Although you won't have to hit a dock everyday doing flatbed, you will have to back at some point. That goes for any type of freight you pull. Anybody and cruise down the interstate in a straight line. Backing skills sharpen with time, still learning myself. With that being said, occasionally you get to load outside somewhere and they tell you to just pull over there, love those days.

Interstate:

Commercial trade, business, movement of goods or money, or transportation from one state to another, regulated by the Federal Department Of Transportation (DOT).

HOS:

Hours Of Service

HOS refers to the logbook hours of service regulations.
Chris L.'s Comment
member avatar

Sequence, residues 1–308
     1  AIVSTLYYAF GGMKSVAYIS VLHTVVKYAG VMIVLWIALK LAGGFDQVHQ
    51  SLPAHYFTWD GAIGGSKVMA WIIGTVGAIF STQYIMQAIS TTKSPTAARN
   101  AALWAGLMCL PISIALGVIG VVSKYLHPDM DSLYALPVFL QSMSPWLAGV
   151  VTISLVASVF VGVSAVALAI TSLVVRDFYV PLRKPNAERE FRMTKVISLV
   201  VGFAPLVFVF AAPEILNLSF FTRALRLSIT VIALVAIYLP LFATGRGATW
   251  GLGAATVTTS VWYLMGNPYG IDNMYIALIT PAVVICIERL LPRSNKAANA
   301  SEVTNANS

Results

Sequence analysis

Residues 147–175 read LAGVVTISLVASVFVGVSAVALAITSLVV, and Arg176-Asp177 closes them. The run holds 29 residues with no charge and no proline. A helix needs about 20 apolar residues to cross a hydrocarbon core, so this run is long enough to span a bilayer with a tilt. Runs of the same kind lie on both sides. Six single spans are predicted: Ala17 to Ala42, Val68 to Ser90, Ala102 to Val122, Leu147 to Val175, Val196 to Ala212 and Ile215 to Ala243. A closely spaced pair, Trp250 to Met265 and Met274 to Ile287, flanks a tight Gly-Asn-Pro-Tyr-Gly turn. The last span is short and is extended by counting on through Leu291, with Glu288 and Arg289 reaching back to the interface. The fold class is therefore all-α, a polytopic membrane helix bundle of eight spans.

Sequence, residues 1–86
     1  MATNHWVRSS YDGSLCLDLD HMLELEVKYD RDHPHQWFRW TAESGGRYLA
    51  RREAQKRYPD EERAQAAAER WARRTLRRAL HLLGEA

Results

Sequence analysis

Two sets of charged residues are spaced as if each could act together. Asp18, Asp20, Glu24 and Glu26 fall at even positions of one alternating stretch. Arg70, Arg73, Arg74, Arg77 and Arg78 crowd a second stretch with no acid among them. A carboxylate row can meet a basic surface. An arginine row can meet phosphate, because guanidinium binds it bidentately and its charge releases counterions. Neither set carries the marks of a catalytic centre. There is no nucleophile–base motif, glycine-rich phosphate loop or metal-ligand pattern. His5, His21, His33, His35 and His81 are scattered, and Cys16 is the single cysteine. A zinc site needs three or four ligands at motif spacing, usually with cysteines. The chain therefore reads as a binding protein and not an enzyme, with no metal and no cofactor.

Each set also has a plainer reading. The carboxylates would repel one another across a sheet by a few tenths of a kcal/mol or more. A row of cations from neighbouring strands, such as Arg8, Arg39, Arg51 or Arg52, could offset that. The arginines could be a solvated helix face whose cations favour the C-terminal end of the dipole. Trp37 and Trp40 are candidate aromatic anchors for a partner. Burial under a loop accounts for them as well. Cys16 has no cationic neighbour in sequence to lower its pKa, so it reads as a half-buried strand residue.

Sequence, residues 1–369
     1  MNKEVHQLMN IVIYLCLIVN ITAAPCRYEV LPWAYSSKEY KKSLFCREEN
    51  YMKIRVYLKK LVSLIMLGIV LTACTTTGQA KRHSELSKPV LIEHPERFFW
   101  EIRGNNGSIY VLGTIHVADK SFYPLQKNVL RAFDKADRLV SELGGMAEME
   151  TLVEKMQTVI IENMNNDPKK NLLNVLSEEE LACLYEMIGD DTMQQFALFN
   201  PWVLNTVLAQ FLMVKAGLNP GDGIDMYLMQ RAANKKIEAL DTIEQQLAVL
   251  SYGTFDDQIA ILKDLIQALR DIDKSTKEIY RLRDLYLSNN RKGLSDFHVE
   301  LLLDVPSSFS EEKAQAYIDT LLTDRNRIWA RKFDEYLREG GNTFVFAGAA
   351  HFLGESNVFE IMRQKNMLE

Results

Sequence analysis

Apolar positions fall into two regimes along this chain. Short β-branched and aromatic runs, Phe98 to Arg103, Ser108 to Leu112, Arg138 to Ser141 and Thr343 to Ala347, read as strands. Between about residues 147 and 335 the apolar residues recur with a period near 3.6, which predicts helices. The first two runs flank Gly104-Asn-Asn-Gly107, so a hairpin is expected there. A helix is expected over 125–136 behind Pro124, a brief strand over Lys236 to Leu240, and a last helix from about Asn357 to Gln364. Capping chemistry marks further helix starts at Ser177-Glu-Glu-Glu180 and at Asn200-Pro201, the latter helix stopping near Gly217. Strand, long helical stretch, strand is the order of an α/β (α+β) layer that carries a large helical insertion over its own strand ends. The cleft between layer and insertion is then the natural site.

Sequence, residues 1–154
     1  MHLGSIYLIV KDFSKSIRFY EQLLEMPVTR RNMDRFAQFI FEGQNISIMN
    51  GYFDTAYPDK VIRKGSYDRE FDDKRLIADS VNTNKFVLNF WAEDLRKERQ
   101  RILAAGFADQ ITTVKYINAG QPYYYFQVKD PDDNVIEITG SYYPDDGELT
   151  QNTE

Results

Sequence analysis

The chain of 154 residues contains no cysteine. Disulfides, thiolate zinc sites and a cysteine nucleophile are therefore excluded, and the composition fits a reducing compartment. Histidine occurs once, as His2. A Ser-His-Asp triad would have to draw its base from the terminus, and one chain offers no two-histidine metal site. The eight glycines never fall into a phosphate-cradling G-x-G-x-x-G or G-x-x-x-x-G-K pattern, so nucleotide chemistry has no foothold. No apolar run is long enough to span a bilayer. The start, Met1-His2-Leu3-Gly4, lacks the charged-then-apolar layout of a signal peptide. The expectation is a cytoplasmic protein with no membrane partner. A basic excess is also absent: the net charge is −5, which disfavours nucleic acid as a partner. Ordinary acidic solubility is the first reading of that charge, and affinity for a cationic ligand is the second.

Some of the tightest backing situations are in truckstops. Even with good trip planning parking late in crowded truckstops happens. Even though I've been out of flatbed for a few years now I still prefer backing a 48' spread axle over a 53' box in tight places.

If you choose flatbed do it for the right reasons, you'll eventually get comfortable backing no matter what your pulling.

OOS:

When a violation by either a driver or company is confirmed, an out-of-service order removes either the driver or the vehicle from the roadway until the violation is corrected.

Robert B. (The Dragon) ye's Comment
member avatar